Friday, October 20, 2017

Sexual abuse leaves spiritual wounds. Here are some resources that can help.

An article today on the Catholic news website Crux, "In wake of Weinstein abuse scandal, Catholics call Church to leadership," features quotes from me about what the Church can do to help abuse victims heal.

If you or a loved one seek healing from the spiritual wounds of abuse, here are some resources from my writings and apostolate:

Remembering God's Mercy is my newest book and is for anyone seeking healing from the effects of past trauma — not only those who have suffered sexual abuse but also veterans, people in recovery, and anyone who needs help seeing God's goodness in the wake of experiences of evil. Because its spirituality draws primarily from the Spiritual Exercises of St. Ignatius of Loyola, it is especially helpful for readers who are making a spiritual retreat. Fr. James Kubicki, S.J., says of Remembering God's Mercy, "This is an exceptional book. In her usual highly readable and storytelling style, Dawn Eden helps us understand the Ignatian spirituality of Pope Francis, as well as how and why suffering can be ‘redemptive.’ Remembering God’s Mercy breaks new ground and adds significantly to works about healing from trauma and the painful memories that follow. One quotation sums it up: ‘when I unite my own wounded heart with the wounded and glorified heart of Jesus, his wounds heal mine.'"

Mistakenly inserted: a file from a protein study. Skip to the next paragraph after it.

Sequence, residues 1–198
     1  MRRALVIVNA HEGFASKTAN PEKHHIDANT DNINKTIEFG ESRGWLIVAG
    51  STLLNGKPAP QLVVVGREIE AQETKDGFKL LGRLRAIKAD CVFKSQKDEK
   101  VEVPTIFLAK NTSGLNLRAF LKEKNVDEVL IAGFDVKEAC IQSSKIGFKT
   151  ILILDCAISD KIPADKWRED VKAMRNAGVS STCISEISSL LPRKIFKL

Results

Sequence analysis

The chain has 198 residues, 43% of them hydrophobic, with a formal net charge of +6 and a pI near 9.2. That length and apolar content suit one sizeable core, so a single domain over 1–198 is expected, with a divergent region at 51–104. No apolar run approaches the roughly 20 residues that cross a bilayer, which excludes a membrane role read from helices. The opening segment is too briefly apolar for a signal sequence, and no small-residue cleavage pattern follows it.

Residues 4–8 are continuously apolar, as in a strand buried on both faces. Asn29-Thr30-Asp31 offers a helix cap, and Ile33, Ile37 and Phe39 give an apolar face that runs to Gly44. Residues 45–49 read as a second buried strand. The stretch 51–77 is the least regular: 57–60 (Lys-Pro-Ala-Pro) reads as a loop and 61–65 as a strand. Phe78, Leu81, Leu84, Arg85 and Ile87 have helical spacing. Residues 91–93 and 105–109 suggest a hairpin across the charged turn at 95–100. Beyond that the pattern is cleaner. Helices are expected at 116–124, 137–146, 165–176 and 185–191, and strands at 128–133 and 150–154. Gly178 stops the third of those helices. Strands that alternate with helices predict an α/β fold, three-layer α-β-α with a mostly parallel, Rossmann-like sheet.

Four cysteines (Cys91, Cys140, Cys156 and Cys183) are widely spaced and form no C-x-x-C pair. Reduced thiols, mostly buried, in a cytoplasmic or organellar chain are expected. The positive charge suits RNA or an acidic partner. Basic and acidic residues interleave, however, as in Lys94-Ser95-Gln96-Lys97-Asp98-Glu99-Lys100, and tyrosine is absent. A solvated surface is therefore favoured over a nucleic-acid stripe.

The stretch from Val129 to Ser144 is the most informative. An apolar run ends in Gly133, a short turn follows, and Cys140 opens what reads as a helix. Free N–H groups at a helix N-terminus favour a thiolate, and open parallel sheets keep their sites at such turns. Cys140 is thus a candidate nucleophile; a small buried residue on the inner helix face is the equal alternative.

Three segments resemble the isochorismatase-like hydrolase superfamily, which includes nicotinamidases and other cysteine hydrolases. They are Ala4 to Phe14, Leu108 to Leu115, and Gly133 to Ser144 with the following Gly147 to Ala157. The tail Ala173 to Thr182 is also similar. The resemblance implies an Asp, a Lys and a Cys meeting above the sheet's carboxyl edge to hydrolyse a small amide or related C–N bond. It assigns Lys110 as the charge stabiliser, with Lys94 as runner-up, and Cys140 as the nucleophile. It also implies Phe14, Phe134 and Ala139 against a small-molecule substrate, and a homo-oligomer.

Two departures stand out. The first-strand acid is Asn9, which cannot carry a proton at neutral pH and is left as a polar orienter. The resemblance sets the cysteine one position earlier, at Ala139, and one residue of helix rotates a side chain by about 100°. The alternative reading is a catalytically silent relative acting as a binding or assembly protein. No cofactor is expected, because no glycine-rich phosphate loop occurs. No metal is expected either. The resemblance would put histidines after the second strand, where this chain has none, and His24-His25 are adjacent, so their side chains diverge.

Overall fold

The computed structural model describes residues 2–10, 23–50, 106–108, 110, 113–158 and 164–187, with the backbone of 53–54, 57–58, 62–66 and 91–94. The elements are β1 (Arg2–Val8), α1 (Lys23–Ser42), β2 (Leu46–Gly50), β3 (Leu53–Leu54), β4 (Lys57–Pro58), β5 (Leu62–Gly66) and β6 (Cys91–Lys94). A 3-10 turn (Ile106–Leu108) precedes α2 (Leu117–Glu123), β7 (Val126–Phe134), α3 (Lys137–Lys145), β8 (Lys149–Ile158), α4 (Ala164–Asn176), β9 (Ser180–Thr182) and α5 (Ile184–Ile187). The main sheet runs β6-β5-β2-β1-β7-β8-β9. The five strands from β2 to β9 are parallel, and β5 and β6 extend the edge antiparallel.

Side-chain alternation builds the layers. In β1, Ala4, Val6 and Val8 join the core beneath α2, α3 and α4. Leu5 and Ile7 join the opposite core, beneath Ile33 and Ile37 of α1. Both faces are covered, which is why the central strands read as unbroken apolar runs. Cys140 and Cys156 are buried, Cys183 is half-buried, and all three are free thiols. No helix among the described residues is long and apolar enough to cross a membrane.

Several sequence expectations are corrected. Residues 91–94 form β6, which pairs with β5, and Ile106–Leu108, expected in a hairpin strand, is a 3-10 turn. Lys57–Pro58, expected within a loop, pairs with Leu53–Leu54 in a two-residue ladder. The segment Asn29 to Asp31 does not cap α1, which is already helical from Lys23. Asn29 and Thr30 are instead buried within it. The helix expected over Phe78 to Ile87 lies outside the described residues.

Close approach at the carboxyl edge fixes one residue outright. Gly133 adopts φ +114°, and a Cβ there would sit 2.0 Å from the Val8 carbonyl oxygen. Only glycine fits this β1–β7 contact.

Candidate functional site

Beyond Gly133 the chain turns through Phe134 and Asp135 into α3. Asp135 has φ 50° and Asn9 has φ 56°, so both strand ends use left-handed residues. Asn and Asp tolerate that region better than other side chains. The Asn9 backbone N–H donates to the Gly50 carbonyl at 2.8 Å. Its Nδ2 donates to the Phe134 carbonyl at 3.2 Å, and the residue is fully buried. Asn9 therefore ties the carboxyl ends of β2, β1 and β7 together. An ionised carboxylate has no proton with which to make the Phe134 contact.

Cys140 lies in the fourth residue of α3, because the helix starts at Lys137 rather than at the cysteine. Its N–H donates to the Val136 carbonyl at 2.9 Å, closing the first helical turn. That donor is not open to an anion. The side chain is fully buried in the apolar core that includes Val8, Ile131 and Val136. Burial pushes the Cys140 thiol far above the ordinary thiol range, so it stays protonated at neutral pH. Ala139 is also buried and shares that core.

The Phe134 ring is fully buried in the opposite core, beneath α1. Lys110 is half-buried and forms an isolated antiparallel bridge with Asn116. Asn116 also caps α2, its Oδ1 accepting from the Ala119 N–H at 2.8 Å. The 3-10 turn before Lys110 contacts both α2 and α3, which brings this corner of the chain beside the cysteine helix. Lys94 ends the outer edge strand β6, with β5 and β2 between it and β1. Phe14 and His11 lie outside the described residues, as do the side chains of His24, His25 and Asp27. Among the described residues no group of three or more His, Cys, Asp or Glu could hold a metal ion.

My Peace I Give You: Healing Sexual Wounds with the Help of the Saints is the most popular Catholic resource for readers seeking spiritual healing from sexual abuse. This is the book for people who want to know, not merely if there were saints who suffered sexual abuse, but if the saints truly knew the pain of the misplaced guilt and shame that accompanies such abuse. Moreover, I show in My Peace I Give You how such saints found healing through uniting their wounds with the glorified wounds of the risen Christ.

One characteristic of both Remembering God's Mercy and My Peace I Give You is that I offer an alternative and more traditional Ignatian form of prayer for people who have not been helped by newer, Pentecostal/charismatic-type "inner healing" or "Theophostic" approaches. Here is a brief video in which I discuss why I believe the Ignatian approach is superior:

More videos of me discussing healing are available on the Dawn Patrol's Video page.

Likewise, on The Dawn Patrol's Audio/Podcasts page, you will find several talks and interviews in which I speak about healing from the wounds of trauma and abuse. Among the best is the interview that Alison Gingras did with me for her Reconciled to You program:

I have given many talks to priests on ministry to the abused and would like to continue to do so. If you would like to bring me to speak to priests or other pastoral caregivers, or to a lay audience, please email me at dawneden [at] (replace the [at] with @).